DHL Supply Chain, the contract logistics unit of German firm Deutsche Post DHL Group, said it will add nine U.S. pharmaceutical, biotechnology and medical device distribution sites by the end of the year, a $150 million investment that will boost its domestic presence in the fast-growing life sciences and healthcare vertical to 30 locations.
The DHL unit will enter the Indianapolis, Indiana and Raleigh, North Carolina markets, and add sites in Memphis, Tennessee and south central Pennsylvania. It will also build sites in California and Virginia, the unit said Thursday.
The expansion “helps us leverage differentiated routes to market, driving even greater efficiency and productivity across the supply chain for our customers,” said Scott Cubbler, the unit’s president of life sciences & healthcare.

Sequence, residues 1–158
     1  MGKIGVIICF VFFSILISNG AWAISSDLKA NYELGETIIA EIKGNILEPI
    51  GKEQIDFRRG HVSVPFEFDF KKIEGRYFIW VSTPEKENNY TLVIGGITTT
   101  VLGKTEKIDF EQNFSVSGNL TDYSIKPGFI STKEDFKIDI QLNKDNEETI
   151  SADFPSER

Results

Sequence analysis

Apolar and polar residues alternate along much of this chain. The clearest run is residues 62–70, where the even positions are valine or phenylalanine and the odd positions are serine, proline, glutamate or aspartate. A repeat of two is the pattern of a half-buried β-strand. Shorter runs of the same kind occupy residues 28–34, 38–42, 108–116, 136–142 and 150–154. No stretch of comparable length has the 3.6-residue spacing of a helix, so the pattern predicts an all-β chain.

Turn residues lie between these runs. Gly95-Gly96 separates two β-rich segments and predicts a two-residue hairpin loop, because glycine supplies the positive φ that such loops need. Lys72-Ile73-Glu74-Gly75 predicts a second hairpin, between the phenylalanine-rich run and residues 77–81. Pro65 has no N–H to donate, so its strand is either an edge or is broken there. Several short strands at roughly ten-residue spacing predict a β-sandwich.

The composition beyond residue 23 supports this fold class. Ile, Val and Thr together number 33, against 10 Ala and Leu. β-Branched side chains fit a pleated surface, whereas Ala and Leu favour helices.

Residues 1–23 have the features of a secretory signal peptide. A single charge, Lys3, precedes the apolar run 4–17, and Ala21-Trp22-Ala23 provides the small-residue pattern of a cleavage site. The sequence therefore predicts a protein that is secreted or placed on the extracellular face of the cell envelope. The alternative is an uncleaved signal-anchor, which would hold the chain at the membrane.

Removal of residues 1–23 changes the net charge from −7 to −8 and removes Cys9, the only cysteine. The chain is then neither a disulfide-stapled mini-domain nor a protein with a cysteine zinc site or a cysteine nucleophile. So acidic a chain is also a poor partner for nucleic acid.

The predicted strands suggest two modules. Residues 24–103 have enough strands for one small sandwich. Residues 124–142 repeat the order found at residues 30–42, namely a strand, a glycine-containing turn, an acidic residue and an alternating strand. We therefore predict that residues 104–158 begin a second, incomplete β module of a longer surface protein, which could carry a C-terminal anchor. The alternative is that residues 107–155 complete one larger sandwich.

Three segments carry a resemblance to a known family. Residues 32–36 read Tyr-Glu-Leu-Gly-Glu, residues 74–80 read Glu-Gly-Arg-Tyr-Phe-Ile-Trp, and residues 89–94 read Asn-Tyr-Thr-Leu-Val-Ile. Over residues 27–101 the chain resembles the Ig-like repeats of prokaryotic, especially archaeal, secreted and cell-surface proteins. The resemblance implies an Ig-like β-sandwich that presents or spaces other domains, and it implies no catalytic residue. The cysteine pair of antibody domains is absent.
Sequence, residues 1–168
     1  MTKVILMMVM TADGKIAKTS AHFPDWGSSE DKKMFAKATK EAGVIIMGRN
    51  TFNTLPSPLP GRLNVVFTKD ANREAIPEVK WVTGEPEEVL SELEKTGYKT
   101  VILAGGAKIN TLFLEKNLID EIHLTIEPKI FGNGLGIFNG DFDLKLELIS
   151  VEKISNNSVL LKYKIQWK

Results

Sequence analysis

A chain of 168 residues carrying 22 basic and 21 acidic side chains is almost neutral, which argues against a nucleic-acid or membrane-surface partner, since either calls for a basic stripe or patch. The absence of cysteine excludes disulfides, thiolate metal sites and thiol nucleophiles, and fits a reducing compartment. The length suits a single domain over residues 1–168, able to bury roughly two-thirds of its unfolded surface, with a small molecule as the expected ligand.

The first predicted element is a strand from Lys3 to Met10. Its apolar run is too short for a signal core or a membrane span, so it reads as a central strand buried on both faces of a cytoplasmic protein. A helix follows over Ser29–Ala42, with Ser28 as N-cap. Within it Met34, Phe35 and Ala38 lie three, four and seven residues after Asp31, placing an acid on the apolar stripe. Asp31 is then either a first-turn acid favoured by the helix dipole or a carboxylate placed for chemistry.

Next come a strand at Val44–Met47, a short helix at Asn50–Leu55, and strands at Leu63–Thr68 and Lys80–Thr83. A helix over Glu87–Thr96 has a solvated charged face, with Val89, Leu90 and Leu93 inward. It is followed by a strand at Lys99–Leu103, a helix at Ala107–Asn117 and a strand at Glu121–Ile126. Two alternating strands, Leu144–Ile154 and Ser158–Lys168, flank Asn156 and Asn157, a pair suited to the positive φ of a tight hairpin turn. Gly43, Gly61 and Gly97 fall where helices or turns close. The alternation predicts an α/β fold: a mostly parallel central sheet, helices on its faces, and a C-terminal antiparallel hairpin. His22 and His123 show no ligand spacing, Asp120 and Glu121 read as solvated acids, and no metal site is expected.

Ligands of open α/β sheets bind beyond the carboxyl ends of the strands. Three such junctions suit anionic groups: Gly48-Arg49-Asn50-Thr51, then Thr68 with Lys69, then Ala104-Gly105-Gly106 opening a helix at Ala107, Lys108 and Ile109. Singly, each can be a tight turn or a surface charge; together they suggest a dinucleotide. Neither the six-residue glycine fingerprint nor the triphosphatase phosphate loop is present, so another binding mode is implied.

Life sciences and healthcare accounts for 10 percent of the unit’s North American business and is growing at about 15 percent per year, the unit’s fastest growing sector. Over-the-counter products represent 45 percent of the business, followed by pharmaceuticals at 30 percent and medical devices at 25 percent, according to the unit’s estimates.
DHL Supply Chain, whose North American headquarters are in Westerville, Ohio, was the world’s largest third-party logistics (3PL) provider in 2017 with gross revenues of $27.6 billion, according to data from consultancy Armstrong & Associates, Inc. Gross revenues are revenues before the cost of purchased transportation.
Third party logistics providers like DHL Supply Chain provide transport and logistics support for shipper customers without transport assets of their own. However, there are more than a few asset-based 3PLs operating today. In its calculations, Armstrong combines gross revenues of DHL Supply Chain and DHL Global Forwarding, DHL’s air and ocean freight forwarding unit.
Healthcare and life sciences have become big and lucrative businesses for shipping and logistics specialists given the specialized nature of the business and the importance of the products being shipped and the information being communicated.